Fleet Admiral Ernest King was one of the greatest military minds of his generation, rising to command the entire Navy fleet after the attacks on Pearl Harbor and ensuring that every theater of the war had its needed material, manpower, and great thinkers throughout World War II.
But he also slept with the wives of subordinates, enforced prohibition on others while being staggeringly drunk, and punished the intelligence genius behind the Battle of Midway for outguessing his own team. Ya know, like a Blue Falcon.
Fleet Admiral Ernest J. King, U. S. Navy, arrives at his quarters and salutes a soldier during the Potsdam Conference in 1945.
(U.S. National Archives and Records Administration)
Let’s start with his buddyf*ckery that actually affected the war. As mentioned above, King had an issue with the intelligence genius behind the Navy’s Midway success.
The problem came during the buildup to the battle. King’s staff briefed him that the most likely Japanese course of action was an attack on the U.S. West Coast and the Aleutian Islands of Alaska. Admiral Chester Nimitz’s staff intercepted and decoded Japanese radio transmissions that indicated an attack near Midway Island.
Both intelligence sections were actually correct. The Japanese did attack the Aleutian Islands in June, 1942, and occupy a few of them, but it was a relatively small and inconsequential action next to the massive attack at Midway that same week.
Captain Joseph J. Rochefort led the team that cracked Japan’s naval code, then prioritized which messages to translate first, and then took the collected information to paint a clear picture of the coming attack at Midway in 1942. He was rewarded by being shipped off to pasture.
Nimitz pressured King into giving him the needed ships for a defense at Midway, staged one of the most decisive engagements of the war, crippled the Japanese Navy, and then put in the top intelligence officer for a Distinguished Service Medal.
Seems well-earned, right? Captain Joseph J. Rochefort had led the team that cracked the Japanese code, then used intelligence garnered from that break to prepare the fleet for a decisive engagement that led to a massive American victory.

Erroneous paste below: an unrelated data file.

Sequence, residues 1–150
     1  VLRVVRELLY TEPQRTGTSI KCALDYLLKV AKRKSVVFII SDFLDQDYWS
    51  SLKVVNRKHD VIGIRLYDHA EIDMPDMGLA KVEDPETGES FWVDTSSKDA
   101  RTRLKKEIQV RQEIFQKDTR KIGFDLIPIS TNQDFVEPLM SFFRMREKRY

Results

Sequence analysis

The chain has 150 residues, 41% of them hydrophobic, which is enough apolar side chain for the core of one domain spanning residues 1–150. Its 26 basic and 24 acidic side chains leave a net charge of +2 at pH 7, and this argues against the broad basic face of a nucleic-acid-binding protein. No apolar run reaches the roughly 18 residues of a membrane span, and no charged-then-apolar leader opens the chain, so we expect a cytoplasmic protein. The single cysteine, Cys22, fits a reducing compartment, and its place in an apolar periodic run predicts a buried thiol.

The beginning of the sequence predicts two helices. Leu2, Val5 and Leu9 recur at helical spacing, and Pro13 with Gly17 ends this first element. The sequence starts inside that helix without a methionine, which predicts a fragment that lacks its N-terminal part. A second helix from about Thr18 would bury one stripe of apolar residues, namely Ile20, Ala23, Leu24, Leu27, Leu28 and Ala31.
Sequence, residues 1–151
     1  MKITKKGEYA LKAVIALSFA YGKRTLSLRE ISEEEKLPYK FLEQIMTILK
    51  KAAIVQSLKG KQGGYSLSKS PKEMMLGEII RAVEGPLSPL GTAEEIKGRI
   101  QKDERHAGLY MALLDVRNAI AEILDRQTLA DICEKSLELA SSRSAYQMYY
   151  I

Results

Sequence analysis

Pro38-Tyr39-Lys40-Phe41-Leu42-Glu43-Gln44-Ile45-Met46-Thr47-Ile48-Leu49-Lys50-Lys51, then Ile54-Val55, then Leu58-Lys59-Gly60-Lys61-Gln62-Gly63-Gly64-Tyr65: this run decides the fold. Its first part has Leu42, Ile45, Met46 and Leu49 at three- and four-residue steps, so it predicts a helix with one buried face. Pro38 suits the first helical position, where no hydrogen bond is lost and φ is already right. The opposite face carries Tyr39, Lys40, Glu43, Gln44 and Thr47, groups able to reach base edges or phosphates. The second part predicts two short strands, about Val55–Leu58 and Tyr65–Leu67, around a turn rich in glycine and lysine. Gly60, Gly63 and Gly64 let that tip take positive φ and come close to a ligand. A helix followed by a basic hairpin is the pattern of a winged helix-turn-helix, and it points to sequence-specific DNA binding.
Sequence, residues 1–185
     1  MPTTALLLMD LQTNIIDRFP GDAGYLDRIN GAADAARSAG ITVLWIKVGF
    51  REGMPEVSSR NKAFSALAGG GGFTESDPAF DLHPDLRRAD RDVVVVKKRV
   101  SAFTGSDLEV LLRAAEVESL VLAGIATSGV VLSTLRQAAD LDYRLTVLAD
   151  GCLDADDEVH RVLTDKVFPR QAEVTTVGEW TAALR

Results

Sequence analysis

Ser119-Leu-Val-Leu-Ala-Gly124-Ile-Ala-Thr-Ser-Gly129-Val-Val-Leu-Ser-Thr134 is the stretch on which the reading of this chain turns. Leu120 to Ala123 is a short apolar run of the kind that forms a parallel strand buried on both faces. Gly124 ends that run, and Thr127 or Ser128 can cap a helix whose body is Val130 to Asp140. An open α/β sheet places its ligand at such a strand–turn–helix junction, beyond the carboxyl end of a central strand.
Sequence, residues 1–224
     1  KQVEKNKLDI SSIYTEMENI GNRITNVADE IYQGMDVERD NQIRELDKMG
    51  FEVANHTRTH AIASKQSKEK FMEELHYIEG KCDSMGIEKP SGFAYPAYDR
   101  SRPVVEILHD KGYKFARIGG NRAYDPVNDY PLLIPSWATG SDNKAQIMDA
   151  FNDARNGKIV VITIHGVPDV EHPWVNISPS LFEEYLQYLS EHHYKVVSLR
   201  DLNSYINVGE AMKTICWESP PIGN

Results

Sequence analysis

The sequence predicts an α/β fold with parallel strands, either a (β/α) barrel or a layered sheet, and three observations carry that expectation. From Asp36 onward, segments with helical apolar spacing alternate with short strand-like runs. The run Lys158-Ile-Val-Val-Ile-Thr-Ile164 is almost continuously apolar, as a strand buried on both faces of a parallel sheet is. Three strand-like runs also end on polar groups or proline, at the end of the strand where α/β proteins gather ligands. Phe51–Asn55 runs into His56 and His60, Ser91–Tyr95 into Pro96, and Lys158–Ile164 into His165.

King didn’t think so. He summarily denied the award and then transferred Rochefort out of Nimitz’s staff and into a lesser position even though Nimitz begged him not to.
The Japanese ship Mikuma slowly sinks during the Battle of Midway in 1942.
But King didn’t limit his Blue Falcon practices to the official realm. He also slept with the wives of his subordinates, and often sexually harassed them. Women knew not to sit next to him at official functions because he had a tendency to let his hands wander under the table.
One officer, Captain Paul Pihl, was friends with King. He and his wife, Charlotte Pihl, would regularly attend parties with him. King reportedly held his own parties with Charlotte, going to the Pihls’ farmhouse when Paul was away at sea. This happened so frequently that King’s wife, Mattie, knew to call the Pihl house if she couldn’t find her husband at the office.
But most subordinate officers were more familiar and resentful of King’s notoriety for enforcing the rules against his own subordinates while violating them himself. While there are plenty of examples of this from ship life and day-to-day operations, it’s perhaps most notable in King’s drinking.
The USS Lexington in 1941. King had predicted the rise of naval aviation and commanded the Lexington during a mock attack on Pearl Harbor in 1932 that almost perfectly predicted the 1941 attack.
King was in the service during Prohibition, and he encouraged officers around and beneath him to strictly follow the rules, except when he wanted to get drunk. He was known to carry a flask with him and doled out drinks with it when he wanted to party, even if he was pouring for people whom he would otherwise punish for drinking.
He even encouraged the commandant of his flight school to enforce prohibition against enlisted men and young officers while simultaneously joining an officers club known for its rancorous and alcohol-fueled parties.
All-in-all, not the best example or steadiest hand at the wheel.
Admiral Ernest King onboard the USS Augusta (CA-31) with Secretary of the Navy Frank Knox during a visit to Bermuda in September 1941.
(Naval History and Heritage Command)
But the Navy put up with him and promoted him all the way to fleet admiral, making him one of only a handful of American service members who have ever worn five stars. Only five admirals ever received the honor, four of them during World War II.
That’s because, for his many flaws, he was also a brilliant tactician, strategist, and organizer. He predicted the rise of submarine warfare and naval aviation, attending and graduating both Navy schools, while the rest of his contemporaries were focused on battleships.
And he was known for doing what needed to be done, even if he was a jerk while doing so. When he was promoted to Chief of Naval operations over eight more senior admirals after Pearl Harbor. Legend has it that a reporter asked why he thought President Franklin D. Roosevelt had picked him, and King responded, “when the shooting starts, they have to send for the sons of bitches.”
As Roosevelt might have put it, “He’s a SOB, but he’s our SOB.”